The death of R.L, one of the younger Obrien boys haunts the oldest, Jack, into his adult life. We're sent ahead to an unprecedented place in a Terrence Malick film, the relative present. There we find an obviously discontented Jack (Sean Penn), an architect residing in yet another almost hermetically modern dwelling. He seems no more happily paired that his parents; there's a telling shot of his attractive wife or partner sitting on the opposite side of their bed; their backs are turned to one another. The older Jack seems to wander through his day at loose ends. "The world's gone to the dogs," he says, in one of the few lines of audible dialog Penn is allowed. There are flashbacks to his youth. In phone conversation with his father, he apologizes for a careless remark about R.L., and admits, "I think about him every day."
Mr. Malick then interrupts this regularly scheduled program of familial strife and longing for the creation of the world. Really. There are blades of celestial light. There is a big bang of sorts. We see the fiery, volcanic creation of our Earth right up to the time of the dinosaurs. As if heralding the minor theme of sibling rivalry, the mid-50's Cain and Able travails of Jack and R.L., there is even a strange encounter when a parasaurolopus lies apparently injured in a stream bed. A troodon spots the vulnerable creature, trots across the water and then holds the defenseless dinosaur's head down before releasing it and running off. Ultimately there is a shot from the vantage point of outer space of what may well be a meteor strike, signaling the end of the dinosaurs.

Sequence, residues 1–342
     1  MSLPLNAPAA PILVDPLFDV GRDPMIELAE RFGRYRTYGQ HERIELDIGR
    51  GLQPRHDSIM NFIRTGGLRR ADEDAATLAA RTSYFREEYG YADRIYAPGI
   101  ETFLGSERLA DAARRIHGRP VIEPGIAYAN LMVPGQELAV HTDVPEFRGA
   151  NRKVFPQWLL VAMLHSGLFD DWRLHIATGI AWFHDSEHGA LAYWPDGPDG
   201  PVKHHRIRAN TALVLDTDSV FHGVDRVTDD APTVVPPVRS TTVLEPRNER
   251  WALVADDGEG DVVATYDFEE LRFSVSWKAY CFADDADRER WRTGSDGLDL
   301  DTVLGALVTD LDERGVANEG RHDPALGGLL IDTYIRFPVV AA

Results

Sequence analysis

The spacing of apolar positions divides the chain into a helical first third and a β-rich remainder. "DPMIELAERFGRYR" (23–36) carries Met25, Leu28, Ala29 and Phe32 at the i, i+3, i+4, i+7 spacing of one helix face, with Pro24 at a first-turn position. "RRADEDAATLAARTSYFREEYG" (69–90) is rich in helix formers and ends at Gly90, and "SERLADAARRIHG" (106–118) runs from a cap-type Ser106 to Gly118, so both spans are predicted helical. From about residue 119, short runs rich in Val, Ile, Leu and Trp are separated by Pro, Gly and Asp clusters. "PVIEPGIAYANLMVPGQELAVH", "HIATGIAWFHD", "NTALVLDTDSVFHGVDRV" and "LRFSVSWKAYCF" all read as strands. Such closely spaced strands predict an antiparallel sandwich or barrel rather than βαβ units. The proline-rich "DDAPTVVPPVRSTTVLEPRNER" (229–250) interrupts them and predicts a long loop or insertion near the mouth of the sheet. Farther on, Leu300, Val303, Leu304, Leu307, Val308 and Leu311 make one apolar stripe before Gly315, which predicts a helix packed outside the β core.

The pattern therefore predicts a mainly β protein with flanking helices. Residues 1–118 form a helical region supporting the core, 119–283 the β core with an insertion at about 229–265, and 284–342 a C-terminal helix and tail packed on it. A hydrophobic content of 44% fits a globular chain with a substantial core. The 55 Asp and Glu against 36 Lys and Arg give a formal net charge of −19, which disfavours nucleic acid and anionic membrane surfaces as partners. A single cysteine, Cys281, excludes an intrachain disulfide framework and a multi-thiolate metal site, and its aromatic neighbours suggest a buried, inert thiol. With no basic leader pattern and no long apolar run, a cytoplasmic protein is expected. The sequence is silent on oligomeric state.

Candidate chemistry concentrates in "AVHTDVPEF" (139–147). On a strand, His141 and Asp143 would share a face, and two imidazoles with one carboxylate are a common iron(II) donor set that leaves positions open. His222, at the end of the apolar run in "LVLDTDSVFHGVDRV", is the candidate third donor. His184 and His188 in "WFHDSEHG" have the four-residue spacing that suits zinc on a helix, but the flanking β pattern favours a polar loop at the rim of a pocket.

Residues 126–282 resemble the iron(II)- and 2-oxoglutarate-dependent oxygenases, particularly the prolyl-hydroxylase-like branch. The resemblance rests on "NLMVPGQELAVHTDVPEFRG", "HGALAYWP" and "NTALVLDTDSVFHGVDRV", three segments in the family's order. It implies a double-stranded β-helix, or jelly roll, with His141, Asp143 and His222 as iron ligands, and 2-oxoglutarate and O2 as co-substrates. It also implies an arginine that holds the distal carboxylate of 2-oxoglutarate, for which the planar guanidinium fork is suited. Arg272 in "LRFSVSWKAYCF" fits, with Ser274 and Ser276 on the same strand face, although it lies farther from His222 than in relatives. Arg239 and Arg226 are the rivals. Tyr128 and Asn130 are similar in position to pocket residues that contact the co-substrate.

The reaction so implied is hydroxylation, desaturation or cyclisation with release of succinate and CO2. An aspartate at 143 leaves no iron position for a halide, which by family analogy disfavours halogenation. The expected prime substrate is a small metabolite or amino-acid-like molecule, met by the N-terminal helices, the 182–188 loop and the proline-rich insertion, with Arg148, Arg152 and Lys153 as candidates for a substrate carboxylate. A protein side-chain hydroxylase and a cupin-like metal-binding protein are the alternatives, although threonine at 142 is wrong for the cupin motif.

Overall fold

Make of it what you will, the roughly quarter hour sequence is, typical for Malick, visually rich. This we can attribute to the director's sensibilities (e.g., no CGI) and a collaboration with veteran special effects craftsman Douglas Trumball. Mr. Trumball worked, most famously perhaps, with Stanley Kubrick on "2001." That link, along with The Tree of Life's cosmic scope and often booming score has led to many comparisons between the two films, despite how emotionally disparate are the two stories and directors.